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Author: Voltaire
On the surface a witty, bantering tale of adventure (or misadventure), CANDIDE is actually a savage, satiric thrust at the philosophical optimism which proclaims that nation-wide disasters and individual suffering are both just part of a cosmic plan which is essentially good. Voltaire was not prepared to excuese the world's evil quite to easily,...  more »
ISBN: 53102
Pages: 122
  • Currently 5/5 Stars.

5 stars, based on 1 rating
Publisher: Bantam
Book Type: Paperback
Other Versions: Hardcover, Audio Cassette, Audio CD
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reviewed Candide on + 2 more book reviews
Helpful Score: 2
Interesting book about discovery in different states of mind.
reviewed Candide on + 28 more book reviews
Helpful Score: 1
A satirical masterpiece from the master himself: Voltaire. Candide is blown by the winds of fortune every which way, but manages to remain convinced that no matter how inhuman the violence, no matter how senseless the suffering, all things continue to work out for the best.
reviewed Candide on + 13 more book reviews
Helpful Score: 1
In Candide, Voltaire whisks his young hero and friends through a ludicrous variety of tortures, tragedies and reversals of fortune, in teh company of Pangloss, a 'metaphysico-theologo-cosmolo-nigologist' of unfliching optimism. The result is one of the glories of eighteenth century satire.
reviewed Candide on + 18 more book reviews
Helpful Score: 1
A classic! Good, quick read.
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reviewed Candide on + 49 more book reviews
Political satire doesn't age well, but occasionally a diatribe contains enough art and universal mirth to survive long after its timeliness has passed. Candide is such a book. Penned by that Renaissance man of the Enlightenment, Voltaire, Candide is steeped in the political and philosophical controversies of the 1750s. But for the general reader, the novel's driving principle is clear enough: the idea (endemic in Voltaire's day) that we live in the best of all possible worlds, and apparent folly, misery and strife are actually harbingers of a greater good we cannot perceive, is hogwash.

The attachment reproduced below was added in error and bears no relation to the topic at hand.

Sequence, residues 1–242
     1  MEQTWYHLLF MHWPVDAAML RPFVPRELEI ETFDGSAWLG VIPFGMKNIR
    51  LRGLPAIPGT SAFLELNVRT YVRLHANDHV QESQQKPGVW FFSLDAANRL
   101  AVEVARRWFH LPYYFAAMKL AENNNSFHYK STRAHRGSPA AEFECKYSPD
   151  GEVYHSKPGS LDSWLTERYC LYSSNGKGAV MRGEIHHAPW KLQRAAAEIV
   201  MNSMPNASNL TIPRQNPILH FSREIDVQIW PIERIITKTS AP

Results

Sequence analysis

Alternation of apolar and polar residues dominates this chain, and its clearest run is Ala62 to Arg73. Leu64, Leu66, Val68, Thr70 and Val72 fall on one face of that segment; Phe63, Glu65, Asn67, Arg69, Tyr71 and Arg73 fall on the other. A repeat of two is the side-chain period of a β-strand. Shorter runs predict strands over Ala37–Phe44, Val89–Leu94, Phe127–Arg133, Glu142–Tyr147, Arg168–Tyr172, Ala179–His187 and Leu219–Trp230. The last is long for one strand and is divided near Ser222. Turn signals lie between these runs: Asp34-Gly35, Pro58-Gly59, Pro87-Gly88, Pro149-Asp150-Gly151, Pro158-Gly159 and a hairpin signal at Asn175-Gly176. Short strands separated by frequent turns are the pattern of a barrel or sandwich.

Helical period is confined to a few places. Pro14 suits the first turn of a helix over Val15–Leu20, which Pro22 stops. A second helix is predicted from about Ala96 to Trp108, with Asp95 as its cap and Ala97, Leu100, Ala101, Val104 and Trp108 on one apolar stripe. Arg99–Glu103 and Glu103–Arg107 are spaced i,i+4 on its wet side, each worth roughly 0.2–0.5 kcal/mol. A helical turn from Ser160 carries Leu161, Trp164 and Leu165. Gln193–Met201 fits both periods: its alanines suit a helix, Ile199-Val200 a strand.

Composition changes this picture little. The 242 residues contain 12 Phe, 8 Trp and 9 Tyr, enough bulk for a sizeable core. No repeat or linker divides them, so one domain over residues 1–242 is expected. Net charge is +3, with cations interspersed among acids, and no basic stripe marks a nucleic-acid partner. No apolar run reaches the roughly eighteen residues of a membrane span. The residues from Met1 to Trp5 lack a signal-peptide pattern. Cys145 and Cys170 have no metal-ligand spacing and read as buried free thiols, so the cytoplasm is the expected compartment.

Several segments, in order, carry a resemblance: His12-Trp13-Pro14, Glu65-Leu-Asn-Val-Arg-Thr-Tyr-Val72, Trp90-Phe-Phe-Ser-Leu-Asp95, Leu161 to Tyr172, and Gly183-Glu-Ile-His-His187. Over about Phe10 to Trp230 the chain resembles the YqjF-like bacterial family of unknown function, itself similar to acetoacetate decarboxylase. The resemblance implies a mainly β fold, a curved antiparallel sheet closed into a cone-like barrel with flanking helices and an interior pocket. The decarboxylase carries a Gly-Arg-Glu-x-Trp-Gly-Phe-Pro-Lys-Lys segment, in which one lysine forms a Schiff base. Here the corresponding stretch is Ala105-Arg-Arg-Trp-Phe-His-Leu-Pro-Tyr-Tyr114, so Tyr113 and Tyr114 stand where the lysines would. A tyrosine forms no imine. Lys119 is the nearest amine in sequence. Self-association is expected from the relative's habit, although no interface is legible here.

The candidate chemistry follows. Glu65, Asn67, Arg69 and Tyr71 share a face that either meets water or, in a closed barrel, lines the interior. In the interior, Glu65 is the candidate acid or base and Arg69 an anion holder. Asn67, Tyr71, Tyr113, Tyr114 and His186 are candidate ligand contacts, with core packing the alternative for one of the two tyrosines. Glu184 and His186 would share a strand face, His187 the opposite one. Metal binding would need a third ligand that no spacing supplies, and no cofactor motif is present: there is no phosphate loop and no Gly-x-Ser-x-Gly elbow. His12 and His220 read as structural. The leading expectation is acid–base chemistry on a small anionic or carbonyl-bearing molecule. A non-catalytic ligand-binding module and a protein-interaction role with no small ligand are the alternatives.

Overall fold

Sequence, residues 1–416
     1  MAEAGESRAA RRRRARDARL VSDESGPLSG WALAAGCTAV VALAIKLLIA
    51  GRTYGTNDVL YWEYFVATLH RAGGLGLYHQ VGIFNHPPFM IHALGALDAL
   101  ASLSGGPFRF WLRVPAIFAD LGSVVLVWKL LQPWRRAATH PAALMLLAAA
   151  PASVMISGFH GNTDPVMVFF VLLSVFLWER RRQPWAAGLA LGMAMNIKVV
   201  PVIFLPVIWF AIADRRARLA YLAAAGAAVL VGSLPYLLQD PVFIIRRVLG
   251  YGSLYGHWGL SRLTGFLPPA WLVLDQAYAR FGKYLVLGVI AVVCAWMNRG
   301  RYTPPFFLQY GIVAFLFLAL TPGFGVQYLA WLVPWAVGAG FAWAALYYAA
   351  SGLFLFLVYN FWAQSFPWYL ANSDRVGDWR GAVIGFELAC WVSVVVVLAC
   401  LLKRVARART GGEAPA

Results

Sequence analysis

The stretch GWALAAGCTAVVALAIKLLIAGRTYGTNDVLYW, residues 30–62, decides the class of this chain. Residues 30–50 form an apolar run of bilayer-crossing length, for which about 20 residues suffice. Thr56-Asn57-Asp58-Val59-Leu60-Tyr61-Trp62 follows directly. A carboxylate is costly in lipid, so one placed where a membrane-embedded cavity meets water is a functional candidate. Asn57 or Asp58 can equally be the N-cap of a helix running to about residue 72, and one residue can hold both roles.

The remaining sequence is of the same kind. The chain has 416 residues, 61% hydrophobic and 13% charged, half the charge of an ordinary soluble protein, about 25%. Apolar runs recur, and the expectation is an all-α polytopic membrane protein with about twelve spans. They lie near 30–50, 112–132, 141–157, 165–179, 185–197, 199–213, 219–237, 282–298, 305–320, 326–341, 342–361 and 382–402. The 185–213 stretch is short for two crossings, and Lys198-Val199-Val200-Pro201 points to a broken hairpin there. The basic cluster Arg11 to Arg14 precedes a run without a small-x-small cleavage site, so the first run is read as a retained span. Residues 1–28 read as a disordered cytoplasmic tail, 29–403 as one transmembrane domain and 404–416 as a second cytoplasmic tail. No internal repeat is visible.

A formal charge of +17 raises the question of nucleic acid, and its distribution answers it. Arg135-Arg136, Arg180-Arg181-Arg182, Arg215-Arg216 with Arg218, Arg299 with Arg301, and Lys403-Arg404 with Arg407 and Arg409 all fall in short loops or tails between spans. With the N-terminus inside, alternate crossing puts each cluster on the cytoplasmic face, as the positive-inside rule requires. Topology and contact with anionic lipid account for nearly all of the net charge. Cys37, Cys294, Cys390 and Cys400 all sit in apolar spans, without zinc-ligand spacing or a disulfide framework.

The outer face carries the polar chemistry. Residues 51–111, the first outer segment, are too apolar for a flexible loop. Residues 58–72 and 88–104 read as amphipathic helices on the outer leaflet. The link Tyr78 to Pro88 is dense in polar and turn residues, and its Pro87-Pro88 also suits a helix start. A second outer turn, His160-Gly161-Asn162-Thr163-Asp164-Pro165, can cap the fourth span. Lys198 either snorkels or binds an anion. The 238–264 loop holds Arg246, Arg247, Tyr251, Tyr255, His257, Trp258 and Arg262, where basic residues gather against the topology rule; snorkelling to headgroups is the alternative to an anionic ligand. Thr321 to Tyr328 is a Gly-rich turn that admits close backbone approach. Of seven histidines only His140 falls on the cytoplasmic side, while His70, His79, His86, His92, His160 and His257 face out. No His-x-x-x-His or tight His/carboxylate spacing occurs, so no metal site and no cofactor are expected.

Telling the tale of the good-natured but star-crossed Candide (think Mr. Magoo armed with deadly force), as he travels the world struggling to be reunited with his love, Lady Cunegonde, the novel smashes such ill-conceived optimism to splinters. Candide's tutor, Dr. Pangloss, is steadfast in his philosophical good cheer, in the face of more and more fantastic misfortune; Candide's other companions always supply good sense in the nick of time. Still, as he demolishes optimism, Voltaire pays tribute to human resilience, and in doing so gives the book a pleasant indomitability common to farce. Says one character, a princess turned one-buttocked hag by unkind Fate: "I have wanted to kill myself a hundred times, but somehow I am still in love with life. This ridiculous weakness is perhaps one of our most melancholy propensities; for is there anything more stupid than to be eager to go on carrying a burden which one would gladly throw away, to loathe one's very being and yet to hold it fast, to fondle the snake that devours us until it has eaten our hearts away?"--Michael Gerber

I REALLY enjoyed this book! The translation is great, and the pictures are just fantastic. I greatly recommend it. :)